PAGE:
Prototype: CPH Shelter, Copenhagen. Image Courtesy of CPH Containers Prototype: CPH Shelter, Copenhagen. Image Courtesy of CPH Containers Prototype: CPH Shelter, Copenhagen. Image Courtesy of CPH Containers Prototype: CPH Shelter, Copenhagen. Image Courtesy of CPH Containers +7

AD Readers Debate: #YoIsMore, NCARB Scraps "Intern," and More

10:30 - 7 February, 2016

In the past two weeks, the topics of discussion in the ArchDaily comments section have been incredibly diverse: from a debate over a light-hearted approach to getting the architectural job of your dreams, to a serious argument over the exploitation of young workers in the industry; and from criticism of a Zaha-like “melted yellow cheese” design to a favorable analysis of an intellectual postmodernist landmark. Read on to find out what our readers had to say.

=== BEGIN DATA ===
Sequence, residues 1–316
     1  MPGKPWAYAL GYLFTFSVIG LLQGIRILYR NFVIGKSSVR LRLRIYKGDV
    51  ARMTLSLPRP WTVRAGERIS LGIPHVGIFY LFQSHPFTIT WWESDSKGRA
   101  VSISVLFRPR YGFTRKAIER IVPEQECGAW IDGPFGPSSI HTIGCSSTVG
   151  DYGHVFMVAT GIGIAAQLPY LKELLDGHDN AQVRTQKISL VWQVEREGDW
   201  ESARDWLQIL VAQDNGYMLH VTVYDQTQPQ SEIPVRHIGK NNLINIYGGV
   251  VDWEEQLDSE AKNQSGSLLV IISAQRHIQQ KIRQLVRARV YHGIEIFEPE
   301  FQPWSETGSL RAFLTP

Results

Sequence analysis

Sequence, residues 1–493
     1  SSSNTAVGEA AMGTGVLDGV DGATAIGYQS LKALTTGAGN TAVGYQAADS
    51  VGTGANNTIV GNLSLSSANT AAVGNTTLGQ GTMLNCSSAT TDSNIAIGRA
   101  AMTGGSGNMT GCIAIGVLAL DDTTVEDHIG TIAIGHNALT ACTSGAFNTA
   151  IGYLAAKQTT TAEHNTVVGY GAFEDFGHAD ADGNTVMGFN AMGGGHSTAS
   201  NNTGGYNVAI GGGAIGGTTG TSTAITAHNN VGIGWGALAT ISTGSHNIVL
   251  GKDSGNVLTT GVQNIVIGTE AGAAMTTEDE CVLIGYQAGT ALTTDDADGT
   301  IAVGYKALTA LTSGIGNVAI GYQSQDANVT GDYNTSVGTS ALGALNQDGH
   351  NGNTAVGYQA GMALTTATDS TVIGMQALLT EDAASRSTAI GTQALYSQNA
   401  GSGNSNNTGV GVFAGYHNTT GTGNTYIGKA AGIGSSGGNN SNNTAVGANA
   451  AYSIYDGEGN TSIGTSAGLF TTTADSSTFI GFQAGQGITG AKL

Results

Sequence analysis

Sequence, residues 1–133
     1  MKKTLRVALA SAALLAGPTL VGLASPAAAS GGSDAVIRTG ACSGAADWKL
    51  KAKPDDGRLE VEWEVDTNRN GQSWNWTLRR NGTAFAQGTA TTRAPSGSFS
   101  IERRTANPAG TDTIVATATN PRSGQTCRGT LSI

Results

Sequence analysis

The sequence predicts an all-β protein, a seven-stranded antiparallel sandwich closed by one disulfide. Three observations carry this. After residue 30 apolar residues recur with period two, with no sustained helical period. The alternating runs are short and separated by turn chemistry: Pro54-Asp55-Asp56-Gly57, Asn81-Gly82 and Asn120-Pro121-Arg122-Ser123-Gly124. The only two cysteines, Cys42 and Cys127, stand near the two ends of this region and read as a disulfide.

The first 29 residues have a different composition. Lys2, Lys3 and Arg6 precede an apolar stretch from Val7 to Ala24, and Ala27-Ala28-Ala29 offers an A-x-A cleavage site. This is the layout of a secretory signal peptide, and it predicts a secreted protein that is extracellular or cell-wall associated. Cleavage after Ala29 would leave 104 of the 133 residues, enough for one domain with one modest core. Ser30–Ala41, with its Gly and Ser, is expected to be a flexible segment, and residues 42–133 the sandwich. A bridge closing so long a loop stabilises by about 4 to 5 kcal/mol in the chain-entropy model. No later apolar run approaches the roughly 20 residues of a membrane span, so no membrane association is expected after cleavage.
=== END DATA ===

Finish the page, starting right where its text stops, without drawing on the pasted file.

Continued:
Lacaton & Vassal and KieranTimberlake Named Among Metropolis Magazine's 2016 “Game Changers”

09:30 - 6 February, 2016

Metropolis has released their list of five design thinkers leading the world in innovation for their 2016 Game Changers issue. The Metropolis Game Changers issue was created in 2011 to showcase transformational changes that are national in scope, but global in impact, and can be awarded to individuals, firms, projects or ideas within the various spheres of design. Past nominees from the realm of architecture include Michael Maltzan, MASS Design Group, Edward Mazria, Vincent Scully, SOM’s Great Lake Century Project, and former SHoP Principal Vishaan Chakrabarti.

With two architectural firms, an architecture curator and a co-working space driving urban renewal all making the five-strong list, this year's Game Changers issue offers plenty of interest for architectural readers.

How Minecraft is Inspiring the Next Generation of Young Architects

09:30 - 5 February, 2016
Courtesy of BlockWorks
Courtesy of BlockWorks